What you need to know to find a job in cybersecurity

For job seekers, the cybersecurity field can seem like a goldmine. It has more than 750,000 job postings and the salary can range from around $86,000 for an entry-level position to over $160,000 for a senior position, according to an analysis of job postings.

But the field is so new that many job seekers don’t know what kinds of skills or credentials are required or what kinds of jobs exist.

To learn more, The Wall Street Journal interviewed Sandra Blanke, associate professor and director of cybersecurity education and cyberintelligence at the University of Dallas’ Satish and Yasmin Gupta College of Business. The edited excerpts follow:

where are the jobs

WSJ: How can people find out what types of cyber jobs are available and how much they pay?

TEACHER. WHITE PERSON: CyberSeek [a website supported by the U.S. Commerce Department’s National Initiative for Cybersecurity Education] shows the total number of job openings in the United States and how much cyber jobs pay. It also shows which skills and degrees are needed for certain jobs, and which institutions issue e-certifications and degrees.

WSJ: Do you need a bachelor’s degree to work in cybersecurity?

TEACHER. WHITE PERSON: Smaller companies with fewer resources may hire someone without a two- or four-year degree, but the candidate would likely still need to have some sort of training or certifications and hands-on experience. Big companies will be looking for someone with a two- or four-year degree, as well as hands-on experience and certifications.

WSJ: Anything inexperienced cybersecurity job seekers should know?

TEACHER. WHITE PERSON: When employers write job postings for entry-level positions, they often ask for advanced certifications designed for more experienced professionals. They may also require a few years of relevant work experience. But inexperienced job seekers shouldn’t be intimidated.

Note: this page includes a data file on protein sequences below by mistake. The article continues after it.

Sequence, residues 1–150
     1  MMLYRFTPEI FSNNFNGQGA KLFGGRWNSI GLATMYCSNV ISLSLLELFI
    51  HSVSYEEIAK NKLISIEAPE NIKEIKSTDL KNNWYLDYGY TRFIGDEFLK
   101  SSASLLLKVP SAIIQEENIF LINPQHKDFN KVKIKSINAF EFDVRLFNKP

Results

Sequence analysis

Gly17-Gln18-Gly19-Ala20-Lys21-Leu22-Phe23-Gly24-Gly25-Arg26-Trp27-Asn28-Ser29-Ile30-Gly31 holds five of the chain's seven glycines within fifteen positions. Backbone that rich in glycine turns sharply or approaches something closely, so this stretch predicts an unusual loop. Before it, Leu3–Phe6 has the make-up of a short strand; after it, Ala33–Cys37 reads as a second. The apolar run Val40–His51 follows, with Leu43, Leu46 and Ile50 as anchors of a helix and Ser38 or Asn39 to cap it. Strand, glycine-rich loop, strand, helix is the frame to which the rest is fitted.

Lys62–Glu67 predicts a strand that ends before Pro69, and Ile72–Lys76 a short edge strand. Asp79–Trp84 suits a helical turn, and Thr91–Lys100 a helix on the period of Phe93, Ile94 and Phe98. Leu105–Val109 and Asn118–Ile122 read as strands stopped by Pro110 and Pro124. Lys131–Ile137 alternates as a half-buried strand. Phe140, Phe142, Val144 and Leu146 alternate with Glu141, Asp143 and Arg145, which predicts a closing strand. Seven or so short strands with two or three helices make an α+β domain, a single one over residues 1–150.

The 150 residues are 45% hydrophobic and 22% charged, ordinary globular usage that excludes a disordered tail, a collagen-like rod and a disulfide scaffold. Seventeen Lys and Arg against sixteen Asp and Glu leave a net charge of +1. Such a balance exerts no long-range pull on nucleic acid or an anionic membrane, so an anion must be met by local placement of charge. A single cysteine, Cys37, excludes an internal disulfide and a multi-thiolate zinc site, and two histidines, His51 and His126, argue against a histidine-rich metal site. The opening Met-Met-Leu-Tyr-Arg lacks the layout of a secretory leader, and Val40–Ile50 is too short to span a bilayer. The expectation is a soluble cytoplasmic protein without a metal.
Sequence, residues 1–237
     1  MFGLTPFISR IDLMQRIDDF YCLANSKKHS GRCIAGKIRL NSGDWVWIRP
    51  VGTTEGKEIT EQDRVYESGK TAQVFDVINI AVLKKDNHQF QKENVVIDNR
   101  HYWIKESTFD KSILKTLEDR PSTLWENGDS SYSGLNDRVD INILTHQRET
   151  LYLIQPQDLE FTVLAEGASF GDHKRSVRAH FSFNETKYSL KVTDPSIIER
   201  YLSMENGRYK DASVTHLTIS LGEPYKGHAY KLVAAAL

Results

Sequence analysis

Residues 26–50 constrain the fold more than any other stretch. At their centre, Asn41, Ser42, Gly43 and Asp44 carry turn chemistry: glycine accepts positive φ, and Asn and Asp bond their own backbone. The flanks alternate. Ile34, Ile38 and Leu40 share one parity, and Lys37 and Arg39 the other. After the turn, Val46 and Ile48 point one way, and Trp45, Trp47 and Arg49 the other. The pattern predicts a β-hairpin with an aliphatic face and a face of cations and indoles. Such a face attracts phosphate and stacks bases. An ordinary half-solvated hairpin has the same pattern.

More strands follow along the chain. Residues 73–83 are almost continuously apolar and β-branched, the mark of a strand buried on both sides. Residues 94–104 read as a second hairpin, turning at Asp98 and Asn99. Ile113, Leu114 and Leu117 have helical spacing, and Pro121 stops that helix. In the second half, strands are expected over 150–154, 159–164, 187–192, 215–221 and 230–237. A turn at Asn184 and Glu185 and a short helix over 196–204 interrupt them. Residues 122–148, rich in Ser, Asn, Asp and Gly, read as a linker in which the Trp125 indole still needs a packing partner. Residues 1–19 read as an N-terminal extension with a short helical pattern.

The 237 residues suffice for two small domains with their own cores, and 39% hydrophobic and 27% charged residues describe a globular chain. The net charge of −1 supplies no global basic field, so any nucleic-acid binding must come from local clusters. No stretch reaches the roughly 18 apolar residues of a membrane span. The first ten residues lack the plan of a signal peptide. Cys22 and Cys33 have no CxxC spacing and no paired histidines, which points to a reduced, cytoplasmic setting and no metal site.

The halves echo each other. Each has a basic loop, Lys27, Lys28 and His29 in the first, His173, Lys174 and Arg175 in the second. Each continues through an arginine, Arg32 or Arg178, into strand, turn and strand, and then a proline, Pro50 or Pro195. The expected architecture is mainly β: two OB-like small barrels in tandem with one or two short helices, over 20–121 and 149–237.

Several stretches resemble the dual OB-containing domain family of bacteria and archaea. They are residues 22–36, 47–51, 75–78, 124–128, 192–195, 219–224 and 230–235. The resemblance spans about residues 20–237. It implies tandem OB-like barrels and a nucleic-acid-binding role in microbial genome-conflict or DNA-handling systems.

Cyber ​​competitions, internships and volunteer positions can be considered hands-on experience.

WSJ: Should undergraduates major in cybersecurity if they want to work in the field?

TEACHER. WHITE PERSON: If students know they are interested in cybersecurity, they should get a cybersecurity degree. A cyber degree should cover these specific areas: information and operations security, vulnerability assessment, digital forensics, penetration testing, risk management, network security, data analytics, cybersecurity analysis and compliance . It is also important to have practical experience in the laboratory or with an employer.

Undergraduates should also hold cyber contests to get an idea of ​​how their knowledge compares to that of their peers.

Centers of Excellence

WSJ: How does someone find the best school when it comes to e-degrees and degrees?

TEACHER. WHITE PERSON: The National Security Agency and the Cybersecurity and Infrastructure Security Agency have designated several hundred colleges and universities as National Centers of Academic Excellence in Cybersecurity. The agencies audit them every five years, so their program stays up to date.

WSJ: What about professionals looking to enter or advance in the field?

TEACHER. WHITE PERSON: There are cybersecurity certifications that allow professionals with a background in IT or cybersecurity to retool their skills and apply for high-level jobs within or outside their organization. Boot camps can help professionals review material for the certification exam and help them find additional work experience if needed. Many companies are willing to pay for boot camps and certifications because it’s hard to find qualified cyber professionals.

Other professionals looking to change careers may want to explore certifications such as CompTIA Security+, or even a graduate degree.

WSJ: Is technical expertise necessary to work in cybersecurity?

TEACHER. WHITE PERSON: Not necessarily. Professionals are needed to keep up with the latest cybersecurity and cybercrime trends, ensure company procedures are up to date, and educate employees on the latest threats. For these types of positions, hiring managers may seek professionals with a background in business, marketing, or human resources, or even a background in education. Written and oral communication and research skills are essential.

Leave a Reply